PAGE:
Den peruanske författaren och mottagaren av Nobels litteraturpris 2010 Mario Vargas Llosa har skrivit en essä om påve emeritus Benedikt XVI. Den fångar in essensen hos Benedikt bättre än vad många katoliker förmår. Den presenteras i engelsk översättning på National Catholic Reporter. Här några smakprov:
He was not a charismatic man nor a man of the stage, as Karol Wojtyla, the Polish Pope. He was a man of the library and of the lecture hall, of reflection and study, surely one of the most intelligent and cultured popes that the Catholic Church has had in all her history. In an age when ideas and reasons matter much less than images and gestures, Joseph Ratzinger was already an anachronism, since he belonged to what is an especially conspicuous species on the way to extinction: the intellectual. He thought with depth and originality, based on his enormous theological, philosophical, historical, and literary knowledge, gained in the many classical and modern languages that he had mastered, among them Latin, Greek, and Hebrew.
To Benedict XVI has fallen one of the most difficult periods that Christianity has ever faced in its more than two thousand year history. The secularization of society advances with great speed, especially in the West., the citadel of the Church until relatively recently. This process has been aggravated by the great scandals of pedophilia in which hundreds of Catholic priests have been enmeshed and whom part of the hierarchy protected or tried to ignore, scandals which continue to be exposed everywhere, just as the accusations of money laundering and of corruption that affect the Vatican bank.
The theft of documents committed by Paolo Gabriele, the Pope’s own butler and trusted aide, brought to light the pitiless struggles, the intrigues, and the disturbing entanglements of factions and dignitaries, in the heart of the Roman Curia, at odds for reasons of power. No one can deny that Benedict XVI tried to respond to these enormous rivalries with courage and decisiveness, although without success. He failed in all his efforts, because culture and intelligence are not sufficient to navigate the labyrinth of earthly politics and to confront the machiavellianism of the special interests and of fanatical forces in the heart of the Church, another of those lessons that has come to light in these eight years of the pontificate of Benedict XVI, whom, with justice, L’Osservatore Romano described as “a shepherd among wolves.”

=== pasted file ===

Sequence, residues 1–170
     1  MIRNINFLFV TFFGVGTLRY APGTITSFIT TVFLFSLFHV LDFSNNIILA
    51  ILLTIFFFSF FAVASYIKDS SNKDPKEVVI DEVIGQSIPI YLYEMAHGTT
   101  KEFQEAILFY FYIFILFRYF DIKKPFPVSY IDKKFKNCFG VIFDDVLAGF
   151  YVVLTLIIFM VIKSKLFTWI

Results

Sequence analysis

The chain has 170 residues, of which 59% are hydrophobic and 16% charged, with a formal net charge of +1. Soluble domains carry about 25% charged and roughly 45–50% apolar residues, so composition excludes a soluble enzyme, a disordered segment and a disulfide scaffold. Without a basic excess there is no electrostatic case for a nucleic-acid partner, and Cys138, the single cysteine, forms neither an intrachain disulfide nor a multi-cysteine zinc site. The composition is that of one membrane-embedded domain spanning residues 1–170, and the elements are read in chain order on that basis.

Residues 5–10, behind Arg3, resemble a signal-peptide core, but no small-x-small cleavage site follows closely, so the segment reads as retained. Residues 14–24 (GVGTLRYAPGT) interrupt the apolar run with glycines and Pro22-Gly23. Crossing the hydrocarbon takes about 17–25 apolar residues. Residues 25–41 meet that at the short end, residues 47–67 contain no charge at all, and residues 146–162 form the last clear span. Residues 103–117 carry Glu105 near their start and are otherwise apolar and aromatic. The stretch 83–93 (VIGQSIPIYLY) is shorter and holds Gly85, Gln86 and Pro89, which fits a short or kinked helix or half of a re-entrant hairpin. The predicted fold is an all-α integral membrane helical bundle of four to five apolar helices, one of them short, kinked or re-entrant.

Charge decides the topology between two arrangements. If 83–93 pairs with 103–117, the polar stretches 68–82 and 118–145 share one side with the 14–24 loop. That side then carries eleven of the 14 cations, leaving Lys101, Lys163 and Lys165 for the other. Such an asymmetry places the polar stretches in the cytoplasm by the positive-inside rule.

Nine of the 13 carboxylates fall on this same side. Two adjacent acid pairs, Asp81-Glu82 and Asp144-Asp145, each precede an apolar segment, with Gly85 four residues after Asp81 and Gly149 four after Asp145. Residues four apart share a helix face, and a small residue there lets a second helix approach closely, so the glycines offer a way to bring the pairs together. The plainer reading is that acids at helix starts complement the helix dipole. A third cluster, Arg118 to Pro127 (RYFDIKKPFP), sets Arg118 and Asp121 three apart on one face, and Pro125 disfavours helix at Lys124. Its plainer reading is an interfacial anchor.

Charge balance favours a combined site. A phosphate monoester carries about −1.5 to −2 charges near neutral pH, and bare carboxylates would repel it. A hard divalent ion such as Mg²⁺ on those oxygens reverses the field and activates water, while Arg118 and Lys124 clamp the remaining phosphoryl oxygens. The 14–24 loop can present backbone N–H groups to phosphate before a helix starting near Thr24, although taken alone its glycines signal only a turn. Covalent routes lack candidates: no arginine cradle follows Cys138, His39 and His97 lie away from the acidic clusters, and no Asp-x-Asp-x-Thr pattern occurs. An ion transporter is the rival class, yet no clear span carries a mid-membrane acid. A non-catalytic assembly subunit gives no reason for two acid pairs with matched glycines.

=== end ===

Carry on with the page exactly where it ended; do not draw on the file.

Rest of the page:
To judge to what degree Benedict XVI was correct or not in this matter is a task that clearly belongs to Catholics only. But we non-believers would act badly to celebrate as a victory of progress and of freedom the failure of Joseph Ratzinger on the throne of St. Peter. He not only represented the conservative tradition of the Church, but also her best legacy: that of the high and revolutionary classical and Renaissance culture that, let us not forget, the Church preserved and spread by means of her monasteries, libraries, and seminaries, that culture that impregnated the entire world with ideas, forms, and customs that ended slavery and, departing some distance from Rome, made possible the notions of equality, solidarity, human rights, liberty, democracy and decisively drove the development of thought, of art, of letters, and contributed to ending barbarism and to advancing civilization.
The decadence and intellectual mediocrity of the Church has highlighted the solitary presence of Benedict XVI; and the sensation of powerlessness that seems to have surrounded him in these last years is, without a doubt, a fundamental factor in his resignation and that disquieting glimpse of how bitter our epoch is toward all that represents spiritual life, preoccupation with ethical values, and a vocation for culture and ideas.